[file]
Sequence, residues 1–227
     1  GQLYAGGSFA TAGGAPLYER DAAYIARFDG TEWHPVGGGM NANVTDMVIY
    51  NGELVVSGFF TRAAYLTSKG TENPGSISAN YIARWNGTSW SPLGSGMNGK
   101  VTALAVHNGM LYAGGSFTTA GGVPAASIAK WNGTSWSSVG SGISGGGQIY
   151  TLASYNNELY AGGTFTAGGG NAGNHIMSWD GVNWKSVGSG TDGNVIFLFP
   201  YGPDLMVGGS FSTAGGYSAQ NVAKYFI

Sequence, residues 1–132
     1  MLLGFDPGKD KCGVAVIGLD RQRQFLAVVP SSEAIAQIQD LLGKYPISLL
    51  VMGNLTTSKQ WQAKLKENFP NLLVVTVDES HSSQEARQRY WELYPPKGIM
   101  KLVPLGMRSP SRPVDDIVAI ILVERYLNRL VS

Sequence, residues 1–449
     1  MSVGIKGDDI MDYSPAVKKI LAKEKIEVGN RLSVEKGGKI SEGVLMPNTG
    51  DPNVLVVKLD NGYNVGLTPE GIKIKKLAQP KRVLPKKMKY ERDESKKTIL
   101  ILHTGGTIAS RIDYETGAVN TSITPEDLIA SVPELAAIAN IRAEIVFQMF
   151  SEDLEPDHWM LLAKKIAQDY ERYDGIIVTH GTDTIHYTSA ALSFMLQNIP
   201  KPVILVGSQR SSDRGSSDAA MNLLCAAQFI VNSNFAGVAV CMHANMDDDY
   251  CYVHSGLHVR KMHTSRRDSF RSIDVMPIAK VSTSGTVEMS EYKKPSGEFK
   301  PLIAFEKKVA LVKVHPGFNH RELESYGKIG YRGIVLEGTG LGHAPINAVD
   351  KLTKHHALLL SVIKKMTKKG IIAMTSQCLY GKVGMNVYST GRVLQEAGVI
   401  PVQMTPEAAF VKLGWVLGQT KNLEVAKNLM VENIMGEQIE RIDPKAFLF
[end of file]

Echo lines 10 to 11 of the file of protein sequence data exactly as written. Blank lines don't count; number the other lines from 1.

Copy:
   101  KLVPLGMRSP SRPVDDIVAI ILVERYLNRL VS

Sequence, residues 1–449